“I was questioning whether or not she [Karen] had a stroke because her symptoms seemed to follow along those lines,” Monte Frandsen, Karen’s husband said.
As sick as Karen and Monte got, it was nothing compared to their 16-year-old son Josh who has Autism. Josh nearly died after doctors could not diagnose why he had tremors, dizzy spells and low white blood cell and platelet counts.
Josh said his dizzy spells progressed and got worse until he could no longer do the things he enjoyed.
This happened around the same time the family’s basement flooded in the Spring of 2011.
The Frandsen family cut a hole in their basement to pump water out. When the water was gone, gases like carbon dioxide and VOC’s, or Volatile Organic Compounds, started seeping in.
VOC’s are a gaseous release from chemicals that somehow ended up beneath the family’s home.
The family didn’t know about the gases until they called in specialists to test the house.
The Bear River Health Department took soil samples from the Frandsen household. No pesticides or Benzene, Toulene, Ethyl-Benzene, Xylene, Napthalene (BTEXN) in the samples ran by the State Department of Health Laboratory Services.
However, the inspector also brought in a gas detector and found elevated gas readings. They referred the family to contact a qualified industrial hygienist or environmental firm for further answers.
The Frandsens installed a carbon dioxide detector in the basement hole which continually detects high levels of the gas.
This is why the family believes the problem is beyond the walls of their home. They feel it extends outside and underground.
“If you get down on the ground you can still smell chemicals,” Karen said.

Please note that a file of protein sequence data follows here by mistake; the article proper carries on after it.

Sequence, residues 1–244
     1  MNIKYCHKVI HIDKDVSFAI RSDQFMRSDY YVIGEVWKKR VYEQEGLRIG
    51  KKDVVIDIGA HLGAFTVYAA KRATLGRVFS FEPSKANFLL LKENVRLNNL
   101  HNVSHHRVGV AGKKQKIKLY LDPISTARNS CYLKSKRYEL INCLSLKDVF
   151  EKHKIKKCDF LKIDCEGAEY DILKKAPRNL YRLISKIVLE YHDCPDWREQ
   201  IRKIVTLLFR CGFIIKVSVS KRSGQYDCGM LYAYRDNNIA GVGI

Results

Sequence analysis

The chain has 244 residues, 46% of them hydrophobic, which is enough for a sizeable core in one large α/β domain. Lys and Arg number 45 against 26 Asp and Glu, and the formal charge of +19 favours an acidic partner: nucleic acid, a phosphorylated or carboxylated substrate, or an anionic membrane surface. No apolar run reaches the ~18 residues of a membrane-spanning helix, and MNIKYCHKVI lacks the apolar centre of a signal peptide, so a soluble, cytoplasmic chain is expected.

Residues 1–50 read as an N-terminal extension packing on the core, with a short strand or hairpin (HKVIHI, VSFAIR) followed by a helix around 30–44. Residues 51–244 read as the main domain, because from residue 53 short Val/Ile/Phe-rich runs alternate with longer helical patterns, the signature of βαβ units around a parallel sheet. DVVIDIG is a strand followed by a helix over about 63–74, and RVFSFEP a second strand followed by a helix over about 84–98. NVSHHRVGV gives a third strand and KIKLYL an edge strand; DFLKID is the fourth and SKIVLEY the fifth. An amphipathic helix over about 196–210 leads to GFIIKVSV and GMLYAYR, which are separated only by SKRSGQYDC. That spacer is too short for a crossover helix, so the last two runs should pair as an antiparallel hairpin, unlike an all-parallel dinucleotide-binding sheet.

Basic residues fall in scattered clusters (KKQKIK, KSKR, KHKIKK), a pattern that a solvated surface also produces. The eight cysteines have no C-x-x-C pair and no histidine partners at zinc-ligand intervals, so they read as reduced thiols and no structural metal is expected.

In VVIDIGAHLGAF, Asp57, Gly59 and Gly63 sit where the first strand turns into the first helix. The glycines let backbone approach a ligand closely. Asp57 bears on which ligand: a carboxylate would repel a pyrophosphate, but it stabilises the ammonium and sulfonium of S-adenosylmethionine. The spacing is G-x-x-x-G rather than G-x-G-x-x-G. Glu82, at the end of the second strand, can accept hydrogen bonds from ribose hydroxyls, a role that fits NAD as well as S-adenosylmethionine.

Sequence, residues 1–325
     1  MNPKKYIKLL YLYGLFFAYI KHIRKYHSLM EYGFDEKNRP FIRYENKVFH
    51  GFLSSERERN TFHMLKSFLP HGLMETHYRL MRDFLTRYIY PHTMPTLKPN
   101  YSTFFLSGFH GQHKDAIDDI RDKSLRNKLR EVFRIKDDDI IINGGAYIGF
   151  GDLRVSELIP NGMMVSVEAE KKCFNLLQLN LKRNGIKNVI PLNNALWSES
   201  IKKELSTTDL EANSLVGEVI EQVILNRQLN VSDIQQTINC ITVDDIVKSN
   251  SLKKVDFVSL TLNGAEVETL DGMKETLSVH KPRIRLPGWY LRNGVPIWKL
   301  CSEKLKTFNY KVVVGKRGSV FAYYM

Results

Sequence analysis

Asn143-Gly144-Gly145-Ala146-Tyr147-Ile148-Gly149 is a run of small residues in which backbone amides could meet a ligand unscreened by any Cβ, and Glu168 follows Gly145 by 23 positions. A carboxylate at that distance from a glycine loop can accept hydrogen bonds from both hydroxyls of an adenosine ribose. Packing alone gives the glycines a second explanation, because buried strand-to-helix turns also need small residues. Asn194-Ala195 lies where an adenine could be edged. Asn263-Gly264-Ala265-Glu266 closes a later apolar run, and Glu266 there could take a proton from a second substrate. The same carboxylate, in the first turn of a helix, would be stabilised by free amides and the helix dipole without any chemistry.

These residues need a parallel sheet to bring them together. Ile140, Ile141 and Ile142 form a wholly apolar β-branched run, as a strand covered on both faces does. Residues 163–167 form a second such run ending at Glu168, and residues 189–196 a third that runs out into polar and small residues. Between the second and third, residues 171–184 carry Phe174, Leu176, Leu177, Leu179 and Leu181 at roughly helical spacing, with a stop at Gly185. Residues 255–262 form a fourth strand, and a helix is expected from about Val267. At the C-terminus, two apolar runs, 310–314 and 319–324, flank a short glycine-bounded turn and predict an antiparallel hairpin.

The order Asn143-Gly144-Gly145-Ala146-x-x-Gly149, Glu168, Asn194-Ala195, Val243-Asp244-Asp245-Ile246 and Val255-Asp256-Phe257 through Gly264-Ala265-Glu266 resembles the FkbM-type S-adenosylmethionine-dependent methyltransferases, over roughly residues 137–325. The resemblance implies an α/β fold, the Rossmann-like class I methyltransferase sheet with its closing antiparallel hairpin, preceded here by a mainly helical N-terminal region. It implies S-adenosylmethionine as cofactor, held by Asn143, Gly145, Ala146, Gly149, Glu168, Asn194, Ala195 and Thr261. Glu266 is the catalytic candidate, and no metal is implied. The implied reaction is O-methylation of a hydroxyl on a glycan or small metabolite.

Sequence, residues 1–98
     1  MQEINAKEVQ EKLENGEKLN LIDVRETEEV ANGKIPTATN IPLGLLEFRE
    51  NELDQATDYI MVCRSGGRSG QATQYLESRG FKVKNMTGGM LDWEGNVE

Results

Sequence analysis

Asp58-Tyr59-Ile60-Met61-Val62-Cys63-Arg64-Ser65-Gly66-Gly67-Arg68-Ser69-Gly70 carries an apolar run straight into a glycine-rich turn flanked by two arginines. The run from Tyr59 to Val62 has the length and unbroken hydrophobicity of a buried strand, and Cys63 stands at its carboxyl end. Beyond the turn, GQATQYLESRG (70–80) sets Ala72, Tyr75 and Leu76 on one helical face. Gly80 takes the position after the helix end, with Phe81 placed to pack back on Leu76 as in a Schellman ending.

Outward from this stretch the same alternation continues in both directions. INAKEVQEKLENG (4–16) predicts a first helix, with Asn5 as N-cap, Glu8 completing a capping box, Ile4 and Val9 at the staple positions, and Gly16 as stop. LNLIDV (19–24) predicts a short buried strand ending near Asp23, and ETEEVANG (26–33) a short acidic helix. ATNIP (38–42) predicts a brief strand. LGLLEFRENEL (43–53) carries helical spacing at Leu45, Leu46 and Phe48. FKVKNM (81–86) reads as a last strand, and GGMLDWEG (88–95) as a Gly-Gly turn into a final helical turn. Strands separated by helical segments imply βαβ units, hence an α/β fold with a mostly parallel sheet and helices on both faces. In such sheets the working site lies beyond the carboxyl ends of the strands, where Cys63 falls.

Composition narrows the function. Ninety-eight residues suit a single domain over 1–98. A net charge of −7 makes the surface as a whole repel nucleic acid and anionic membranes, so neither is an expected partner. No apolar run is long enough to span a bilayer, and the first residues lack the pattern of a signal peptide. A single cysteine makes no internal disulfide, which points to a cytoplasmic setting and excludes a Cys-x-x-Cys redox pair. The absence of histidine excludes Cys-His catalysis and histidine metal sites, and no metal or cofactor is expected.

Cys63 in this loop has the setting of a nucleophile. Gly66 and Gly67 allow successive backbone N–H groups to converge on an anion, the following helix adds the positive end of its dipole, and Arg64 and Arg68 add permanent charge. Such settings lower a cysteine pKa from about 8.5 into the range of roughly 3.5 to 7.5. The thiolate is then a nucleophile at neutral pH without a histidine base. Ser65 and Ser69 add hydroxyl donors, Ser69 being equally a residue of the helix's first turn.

Karen and her family suspect the problem may come from empty pesticide jugs that used to be stored right next to her family’s home.
The Department of Agriculture sent out an inspector who found no pesticide contamination or no reason to test the soil.
“We do have a lot of empathy for the Frandsen family,” Clark Burgess with the Department of Agriculture and Food said. “We would like to do what we can to help them.”
The Frandsens want to believe help is on the way, but they feel every agency they’ve turned to has ignored them.
Since then, they’ve spend thousands installing an air filtration system in their home to pump toxic air out of the house.
It’s been more than a year without answers and without a place to call home.
“It’s an unfortunate situation to have them not be in their home and have them and their children being sick,” Burgess said. “We’d all like to find a solution to the problem.”
Even though Josh couldn’t vocalize his feelings, he desperately wants to return to his normal life.
On an iPad, Josh wrote, “I wish we can move back in someday.”
Monte said he hoped to find answers to their problem a year ago.
“I don’t know if it’s ever going to be safe and if we can come home and not have people get sick,” he said.
The Department of Agriculture plans to send inspectors back to the Frandsen household next week. The will take samples from inside and outside the home to determine if pesticides are the problem.
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